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April 17, 1996

Clinical Immunology: Principles and Practice

Author Affiliations

University of Missouri Health Sciences Center Columbia

JAMA. 1996;275(15):1208-1209. doi:10.1001/jama.1996.03530390076043

This article is only available in the PDF format. Download the PDF to view the article, as well as its associated figures and tables.


Clinical immunology is not a traditional medical specialty at all. Clinical immunology is an intellectual territory divided into tiny bits among pulmonologists, neurologists, oncologists, nephrologists, pediatricians, dermatologists, rheumatologists, clinical laboratory directors, allergists, nutritionists, hematologists, ophthalmologists who have a special interest in the anterior chamber, and many more, all intensely concerned. Each clinical specialty takes over a small piece of the territory for elaborate development, and it is a daunting task for any editor to bring the little pieces back together. Even in a 2250-page book in two heavy volumes, edited carefully by experts, it is not possible to bring unity to this awkward field.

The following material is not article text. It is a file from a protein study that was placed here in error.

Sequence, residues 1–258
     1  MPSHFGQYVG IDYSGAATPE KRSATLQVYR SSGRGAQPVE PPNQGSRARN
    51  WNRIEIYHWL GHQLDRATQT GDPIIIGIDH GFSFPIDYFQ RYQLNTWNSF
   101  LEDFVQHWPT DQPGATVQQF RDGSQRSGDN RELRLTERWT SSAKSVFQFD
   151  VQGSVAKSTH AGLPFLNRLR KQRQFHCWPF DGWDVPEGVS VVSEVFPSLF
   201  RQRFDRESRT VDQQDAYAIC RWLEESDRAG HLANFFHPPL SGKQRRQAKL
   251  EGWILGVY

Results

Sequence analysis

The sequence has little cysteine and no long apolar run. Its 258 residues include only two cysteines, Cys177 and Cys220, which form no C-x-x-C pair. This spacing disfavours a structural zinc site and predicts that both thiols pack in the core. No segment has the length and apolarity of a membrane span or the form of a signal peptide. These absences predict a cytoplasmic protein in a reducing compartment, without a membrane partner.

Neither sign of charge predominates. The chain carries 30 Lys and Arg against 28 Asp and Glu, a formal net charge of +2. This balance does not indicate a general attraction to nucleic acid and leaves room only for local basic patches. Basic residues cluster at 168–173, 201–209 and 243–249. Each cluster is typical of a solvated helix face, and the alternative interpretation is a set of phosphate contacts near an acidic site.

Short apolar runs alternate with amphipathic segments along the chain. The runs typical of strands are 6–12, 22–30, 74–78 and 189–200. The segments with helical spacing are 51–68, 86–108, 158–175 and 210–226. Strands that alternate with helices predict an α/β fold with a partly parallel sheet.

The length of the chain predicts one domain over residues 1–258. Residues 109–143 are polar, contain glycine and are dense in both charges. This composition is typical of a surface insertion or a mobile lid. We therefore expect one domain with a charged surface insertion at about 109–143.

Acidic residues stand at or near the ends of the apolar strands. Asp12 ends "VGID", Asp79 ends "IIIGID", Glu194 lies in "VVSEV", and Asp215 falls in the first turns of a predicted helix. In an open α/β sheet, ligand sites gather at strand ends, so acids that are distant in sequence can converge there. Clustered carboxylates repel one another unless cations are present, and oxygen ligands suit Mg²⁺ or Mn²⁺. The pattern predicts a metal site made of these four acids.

Clinical scholars may consider limiting their close study to the more coherent field of basic immunology. Clever readers will compare this text to William E. Paul's shorter and simpler Fundamental Immunology (Raven Press, 1993), which originates in the same research centers and draws on many of